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South Asia refers to the Indian subcontinent and its adjoining areas to the south of the Asian continent. It is bounded on the west by West Asia or the Middle East, on the north by Central Asia, and on the east by East Asia and Southeast Asia.
Definition and application
South Asia consists of the following states (alphabetically):
The Indian subcontinent refers to the countries that are geographically located on the Indian plate and south of the Eurasian plate. Geopolitically, the Indian subcontinent includes parts of South Asia or South Asia, i.e. countries outside and close to the Indian plate. For example: Afghanistan is sometimes considered part of the region because of its existing political and social ties with Pakistan and as part of the ancient Maurya and Mughal empires.
South Asian Association for Regional Cooperation
The South Asian Association for Regional Cooperation (SAARC for short) is a government agency in South Asia. Its member countries are Bangladesh, India, Sri Lanka, Pakistan, Maldives, Nepal, Bhutan and Afghanistan. People's Republic of China and Japan have been selected as SAARC observers. SAARC was established on December 6, 1975. The leaders of Bangladesh, India, Pakistan, Nepal, Bhutan, Maldives and Sri Lanka signed a royal charter to promote regional relations, economic, social and cultural development in South Asia and friendly relations and cooperation with other developing countries.
South Asia has a population of about 1.749 billion, making it the most populous region in the world. It is socially very mixed, consisting of many language divisions and religions, and the social practices of one region which are of a completely different nature from another region.
Largest urban area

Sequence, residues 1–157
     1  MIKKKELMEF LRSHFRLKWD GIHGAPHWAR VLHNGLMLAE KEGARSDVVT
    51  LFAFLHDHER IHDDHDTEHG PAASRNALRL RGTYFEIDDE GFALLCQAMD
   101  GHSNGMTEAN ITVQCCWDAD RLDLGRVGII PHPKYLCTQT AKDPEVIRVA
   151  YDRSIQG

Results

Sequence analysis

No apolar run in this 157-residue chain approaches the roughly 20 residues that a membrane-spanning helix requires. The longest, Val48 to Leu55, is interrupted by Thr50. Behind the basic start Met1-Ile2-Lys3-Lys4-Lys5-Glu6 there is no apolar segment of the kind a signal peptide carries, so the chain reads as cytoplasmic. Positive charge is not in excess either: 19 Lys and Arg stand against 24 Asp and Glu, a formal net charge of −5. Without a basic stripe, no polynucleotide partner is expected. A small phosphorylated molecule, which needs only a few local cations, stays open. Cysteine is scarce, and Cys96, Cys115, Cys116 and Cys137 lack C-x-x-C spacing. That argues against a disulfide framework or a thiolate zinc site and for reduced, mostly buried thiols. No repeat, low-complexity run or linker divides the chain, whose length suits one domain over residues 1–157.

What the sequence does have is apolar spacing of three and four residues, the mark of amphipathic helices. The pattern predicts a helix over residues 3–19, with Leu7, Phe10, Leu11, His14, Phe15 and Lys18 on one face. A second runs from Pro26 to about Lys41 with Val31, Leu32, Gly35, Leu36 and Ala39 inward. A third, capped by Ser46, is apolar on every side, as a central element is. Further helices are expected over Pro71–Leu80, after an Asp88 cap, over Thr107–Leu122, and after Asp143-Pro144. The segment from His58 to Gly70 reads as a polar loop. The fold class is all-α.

There are many languages in South Asia. The spoken languages of this region are mainly divided on the basis of geography and across religious boundaries but the written scripts are vastly divided by religious boundaries. In particular, Muslims in South Asia, such as Afghanistan and Pakistan, use the Arabic alphabet and Persian Nastaliq. Until 1971, Muslim-dominated Bangladesh (then known as East Pakistan) made only the Nastaliq script compulsory, but has since adopted the regional script and especially the Bengali language. Non-Muslims in South Asia and some Muslims in India, on the other hand, use their traditional ancient scripts, such as the Brahmi script for Indo-European languages and the Brahmi script for Dravidian and other languages.
In 2010, Hindus, Jains and Sikhs had the largest population in the world in South Asia, with about 510 million Muslims, as well as 25 million Buddhists and 35 million Christians. Hindus make up about 6 per cent or about 900 million Hindus and 31 per cent or 510 million Muslims in the population of the whole of South Asia, the rest being mostly Buddhists, Jains, Christians and Sikhs. Hindus, Buddhists, Jains, Sikhs and Christians in India, Nepal, Sri Lanka and Bhutan; Muslims are concentrated in Afghanistan (99%), Bangladesh (90%), Pakistan (99%) and Maldives (100%).
Among the Indian religions, Hinduism, Jainism, Buddhism and Sikhism originated in India. Indian religions have shared terms, beliefs, goals and concepts individually and have spread from South Asia to East Asia and Southeast Asia. Later, the Arab Caliphs conquered parts of Sindh, Balochistan and parts of the Punjab, along with Muslims from Persia and Central Asia, resulting in the spread of both Shia and Sunni Islam in parts of northwestern South Asia. About one-third of Muslims come from South Asia.